Climate change: a defining moment


UOW graduate and climate advocate Parrys Raines shares five actions you can take to make an impact

By Parrys Raines, UOW Australia

Climate change is the defining issue of our time, and as the United Nations has emphasised, we are at a defining moment.

It is easy to become pessimistic about the future when we hear about the current and predicted impacts of climate change, but it is important that as a global community we remain optimistic that we can turn the tide and rise to the moment.

I have spoken at four United Nations conferences over the past 10+ years, and after each conference I have walked away inspired and optimistic that we are working on innovative and ground-breaking solutions to halt climate change, as a global community. This reminds me that, considering the scale of climate change, every one of us can positively contribute and be part of the solution– whether it’s developing a new technology to capture carbon, launching a social enterprise to support climate refugees, or making changes in our everyday lives to support a sustainable future.

Global Climate Change Week (12-18 October) is a great time to take the opportunity to make a change and contribute towards a more sustainable future. While the number of actions you could take to make a difference may be overwhelming, I have outlined the top actions in this article to focus on amplifying your impact.

Action 1: Energy source and usage

Moving your electricity contract to renewable energy or installing solar panels on your roof will help Australia decarbonize at a rapid pace. According to the World Economic Forum, the cost of generating renewable energy has significantly reduced over the past decade, dispelling the myth that it is always a more expensive alternative to traditional energy sources. Buying renewable energy, consequently increasing demand, also supports the renewable energy industry to create jobs and increase capacity within our energy grid.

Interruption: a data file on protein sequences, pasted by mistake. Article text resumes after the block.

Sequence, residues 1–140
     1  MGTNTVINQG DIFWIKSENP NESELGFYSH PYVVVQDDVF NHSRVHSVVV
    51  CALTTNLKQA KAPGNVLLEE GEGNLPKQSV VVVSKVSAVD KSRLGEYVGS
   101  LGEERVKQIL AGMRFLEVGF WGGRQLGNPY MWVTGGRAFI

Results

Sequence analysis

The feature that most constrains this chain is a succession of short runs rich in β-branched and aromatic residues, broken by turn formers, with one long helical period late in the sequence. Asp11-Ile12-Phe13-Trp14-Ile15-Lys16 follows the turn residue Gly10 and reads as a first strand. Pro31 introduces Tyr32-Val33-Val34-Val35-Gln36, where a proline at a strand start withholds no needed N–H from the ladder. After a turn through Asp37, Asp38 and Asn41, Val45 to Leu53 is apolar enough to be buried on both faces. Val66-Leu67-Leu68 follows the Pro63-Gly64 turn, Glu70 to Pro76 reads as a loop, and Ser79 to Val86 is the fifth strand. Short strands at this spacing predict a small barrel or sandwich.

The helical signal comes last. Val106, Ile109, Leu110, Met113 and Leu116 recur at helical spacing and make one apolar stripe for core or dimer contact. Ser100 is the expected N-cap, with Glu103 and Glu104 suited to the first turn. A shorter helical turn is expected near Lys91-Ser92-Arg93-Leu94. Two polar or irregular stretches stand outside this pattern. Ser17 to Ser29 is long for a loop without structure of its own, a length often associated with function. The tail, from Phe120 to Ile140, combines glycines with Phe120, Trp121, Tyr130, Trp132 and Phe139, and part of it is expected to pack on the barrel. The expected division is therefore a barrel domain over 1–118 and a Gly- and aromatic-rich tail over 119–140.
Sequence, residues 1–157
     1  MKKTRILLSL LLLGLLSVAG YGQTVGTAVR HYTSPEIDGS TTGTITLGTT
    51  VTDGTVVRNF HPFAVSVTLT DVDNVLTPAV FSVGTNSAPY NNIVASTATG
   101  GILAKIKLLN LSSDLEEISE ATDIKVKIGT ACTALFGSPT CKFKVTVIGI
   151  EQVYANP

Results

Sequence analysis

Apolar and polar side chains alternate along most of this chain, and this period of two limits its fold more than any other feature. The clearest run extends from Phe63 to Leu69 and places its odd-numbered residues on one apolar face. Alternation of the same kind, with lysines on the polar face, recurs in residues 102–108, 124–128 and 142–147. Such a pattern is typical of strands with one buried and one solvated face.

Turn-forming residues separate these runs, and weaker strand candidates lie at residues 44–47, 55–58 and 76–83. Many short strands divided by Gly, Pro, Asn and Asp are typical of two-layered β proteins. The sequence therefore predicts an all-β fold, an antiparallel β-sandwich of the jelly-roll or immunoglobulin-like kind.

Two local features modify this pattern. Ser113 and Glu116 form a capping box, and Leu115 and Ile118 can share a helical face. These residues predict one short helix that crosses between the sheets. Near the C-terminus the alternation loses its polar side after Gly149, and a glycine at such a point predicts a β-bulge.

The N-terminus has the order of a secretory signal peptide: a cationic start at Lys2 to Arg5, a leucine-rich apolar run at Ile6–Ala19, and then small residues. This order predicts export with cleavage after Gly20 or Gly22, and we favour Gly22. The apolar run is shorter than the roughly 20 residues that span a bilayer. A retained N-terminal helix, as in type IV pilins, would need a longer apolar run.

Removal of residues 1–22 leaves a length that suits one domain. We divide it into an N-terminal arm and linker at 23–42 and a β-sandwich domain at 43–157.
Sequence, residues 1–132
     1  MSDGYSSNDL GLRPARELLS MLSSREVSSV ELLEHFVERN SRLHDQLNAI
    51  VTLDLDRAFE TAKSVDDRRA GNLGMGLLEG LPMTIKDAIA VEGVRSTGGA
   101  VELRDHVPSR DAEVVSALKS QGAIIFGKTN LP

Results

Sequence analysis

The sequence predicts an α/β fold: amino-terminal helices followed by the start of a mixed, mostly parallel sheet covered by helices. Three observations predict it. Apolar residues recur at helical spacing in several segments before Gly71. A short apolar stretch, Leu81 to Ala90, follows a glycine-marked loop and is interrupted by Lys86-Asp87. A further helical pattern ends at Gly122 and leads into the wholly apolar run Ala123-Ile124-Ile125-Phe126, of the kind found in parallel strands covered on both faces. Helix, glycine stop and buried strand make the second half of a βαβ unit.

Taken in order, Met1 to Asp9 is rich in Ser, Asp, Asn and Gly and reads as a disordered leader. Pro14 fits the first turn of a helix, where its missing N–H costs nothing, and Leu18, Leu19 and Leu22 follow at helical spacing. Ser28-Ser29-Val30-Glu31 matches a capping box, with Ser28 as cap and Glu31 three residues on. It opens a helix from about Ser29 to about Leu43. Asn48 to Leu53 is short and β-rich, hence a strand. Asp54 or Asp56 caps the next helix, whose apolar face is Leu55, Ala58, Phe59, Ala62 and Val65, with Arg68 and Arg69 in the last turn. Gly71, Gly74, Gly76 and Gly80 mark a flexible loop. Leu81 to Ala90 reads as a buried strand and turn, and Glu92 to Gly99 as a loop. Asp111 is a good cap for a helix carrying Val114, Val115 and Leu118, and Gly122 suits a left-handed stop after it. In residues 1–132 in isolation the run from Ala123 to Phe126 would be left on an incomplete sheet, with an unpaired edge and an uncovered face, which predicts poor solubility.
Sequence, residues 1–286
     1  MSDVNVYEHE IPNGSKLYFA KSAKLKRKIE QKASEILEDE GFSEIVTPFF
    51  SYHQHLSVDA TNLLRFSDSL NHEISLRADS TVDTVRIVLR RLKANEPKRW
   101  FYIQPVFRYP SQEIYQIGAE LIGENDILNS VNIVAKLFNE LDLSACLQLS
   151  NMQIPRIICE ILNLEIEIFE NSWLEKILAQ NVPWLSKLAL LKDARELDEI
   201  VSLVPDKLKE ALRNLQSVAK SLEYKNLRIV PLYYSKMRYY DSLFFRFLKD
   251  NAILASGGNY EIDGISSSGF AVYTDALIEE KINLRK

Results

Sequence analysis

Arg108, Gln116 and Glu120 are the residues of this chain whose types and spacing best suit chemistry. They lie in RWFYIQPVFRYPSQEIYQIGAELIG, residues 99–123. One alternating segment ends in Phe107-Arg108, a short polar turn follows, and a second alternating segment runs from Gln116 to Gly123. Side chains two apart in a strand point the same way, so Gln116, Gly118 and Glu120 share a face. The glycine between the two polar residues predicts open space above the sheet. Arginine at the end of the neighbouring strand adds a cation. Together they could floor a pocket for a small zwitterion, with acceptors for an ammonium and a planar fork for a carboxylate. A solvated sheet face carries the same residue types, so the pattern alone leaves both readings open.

We can also save energy in our homes through a number of strategies – switching to LED lighting, limiting heating and cooling temperatures, investing in better insulation to improve efficiency, and using cold water to wash your laundry.

Action 2: Superannuation investments

Superannuation is a large investment. Therefore, it’s important to understand who is investing it, and where it is being invested. For example, your money could be supporting deforestation, without you even knowing.

Take the time to understand your superannuation investment strategy. There are a number of sustainable options in the market now, so you can ensure your money is contributing to the sustainable future you want to create.

Action 3: Buy consciously, or don’t buy

To reduce our emissions, we must halt overconsumption – everything we buy has a carbon price tag that we cannot see, from the raw materials, production and manufacturing, and transporting products. We must change our attitude and be more conscious in our purchasing decisions, and rather than always buying something new, consider how we can buy less, shop second-hand, repair and recycle.